Sixteen measures were selected from the perinatal database to examine Trotter’s hypothesis and challenge the singularity of any relationship found between time of weaning and alcoholic drinking 30 years later. As used in this article, "weaning" refers to the termination of breast-feeding. The five response options to the perinatal weaning item "When was breast-feeding totally stopped?" were 1–2 weeks, 3–4 weeks, 2–3 months, 4–6 months, and more than 6 months. Neonates who were not breast-fed, a rarity in Denmark at the time, were excluded. A series of analyses with this weaning variable made it clear that the earliest weaning group contributed most to any effects that emerged. Therefore, the weaning item was dichotomized into an early weaning group (within 2 weeks of birth) (N=46 [23%]) and a later weaning group (after 3 weeks) (N=154 [77%]).
Other perinatal variables examined were 1) age of the mother at the time of the subject’s birth (mean=24 years), 2) mother’s social class rated on a 10-point scale on which 10 represented the highest social class (mean=2.83); 3) previous illness of the mother reflecting serious chronic medical conditions such as diabetes mellitus, coded as present (N=58 [29%]) or not present (N=142 [71%]), 4) illness during pregnancy, a summary of any illness occurring during the six stages of the pregnancy, coded as present (N=64 [32%]) or not present (N=136 [68%]), 5) birth order, the number of pregnancies preceding the birth of the subject, 6) birth weight coded as grams in 10 ascending categories, 7) weight change during the first 5 days of life coded as grams in three categories reflecting both weight loss and weight gain, 8) child’s condition at birth coded as living and healthy (N=188 [94%]), living and mildly affected (N=6 [3%]), and living but heavily affected (N=6 [3%]), 9) sucking reflex during first examination at birth coded as normal (N=194 [97%]) or abnormal (N=6 [3%]), 10) sucking reflex during second examination 5 days later, also coded as normal (N=198 [99%]) or abnormal (N=2 [1%]), and 11) six perinatal global scales created to summarize different aspects of the pregnancy, birth, and early condition of the baby (3).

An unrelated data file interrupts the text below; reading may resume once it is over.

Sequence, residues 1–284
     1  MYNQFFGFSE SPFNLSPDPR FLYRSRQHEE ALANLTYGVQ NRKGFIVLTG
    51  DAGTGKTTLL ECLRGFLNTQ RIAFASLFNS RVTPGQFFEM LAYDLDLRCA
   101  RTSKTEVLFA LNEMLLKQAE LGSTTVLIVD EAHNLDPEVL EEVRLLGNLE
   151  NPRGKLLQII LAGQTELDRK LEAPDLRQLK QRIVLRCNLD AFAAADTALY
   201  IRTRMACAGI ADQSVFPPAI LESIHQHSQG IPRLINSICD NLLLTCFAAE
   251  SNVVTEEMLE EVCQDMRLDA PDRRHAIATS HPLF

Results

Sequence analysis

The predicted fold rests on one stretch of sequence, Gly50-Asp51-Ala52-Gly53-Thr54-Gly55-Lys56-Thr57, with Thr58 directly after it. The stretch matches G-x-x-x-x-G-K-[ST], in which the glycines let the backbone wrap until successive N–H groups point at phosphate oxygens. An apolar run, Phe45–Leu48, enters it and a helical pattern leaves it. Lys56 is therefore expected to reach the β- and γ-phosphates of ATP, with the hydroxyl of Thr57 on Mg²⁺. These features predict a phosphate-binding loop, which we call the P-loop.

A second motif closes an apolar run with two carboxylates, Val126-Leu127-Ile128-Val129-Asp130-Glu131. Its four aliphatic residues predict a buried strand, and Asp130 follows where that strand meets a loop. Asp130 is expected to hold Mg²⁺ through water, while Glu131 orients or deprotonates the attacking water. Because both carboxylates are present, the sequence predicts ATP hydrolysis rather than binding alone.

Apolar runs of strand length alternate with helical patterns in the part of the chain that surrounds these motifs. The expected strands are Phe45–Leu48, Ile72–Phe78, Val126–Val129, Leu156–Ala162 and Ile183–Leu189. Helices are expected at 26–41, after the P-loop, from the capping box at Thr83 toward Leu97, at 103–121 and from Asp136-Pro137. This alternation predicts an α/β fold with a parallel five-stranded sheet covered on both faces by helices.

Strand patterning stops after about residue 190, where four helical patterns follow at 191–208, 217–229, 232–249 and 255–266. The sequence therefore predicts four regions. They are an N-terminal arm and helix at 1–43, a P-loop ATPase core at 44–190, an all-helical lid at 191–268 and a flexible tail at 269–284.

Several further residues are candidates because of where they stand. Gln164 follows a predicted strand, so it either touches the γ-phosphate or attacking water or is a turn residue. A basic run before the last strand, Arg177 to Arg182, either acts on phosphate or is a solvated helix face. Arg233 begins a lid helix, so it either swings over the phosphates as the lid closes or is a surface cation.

Two measures obtained at age 30 were employed as drinking outcome variables: 1) DSM-III-R diagnosis of alcohol dependence and 2) the number of alcoholism symptoms (out of 17) endorsed under the alcoholism module of the revised Psychiatric Diagnostic Interview (7). These two measures of alcoholism severity were significantly associated. The mean number of Psychiatric Diagnostic Interview lifetime alcoholism symptoms endorsed by the non-alcohol-dependent subjects at age 30 was 1.8, but the mean number of alcoholism symptoms endorsed by the alcohol-dependent men was 14.0, and there was virtually no overlap between the two groups (F=438.4, df=1, 198, p<0.0001).
As reported previously, by age 30 the sons of alcoholic fathers were more likely to have experienced a problem with alcohol than the sons of nonalcoholics (5). This finding is consistent with the first part of Trotter’s hypothesis—that is, the possible influence of heredity on alcoholism.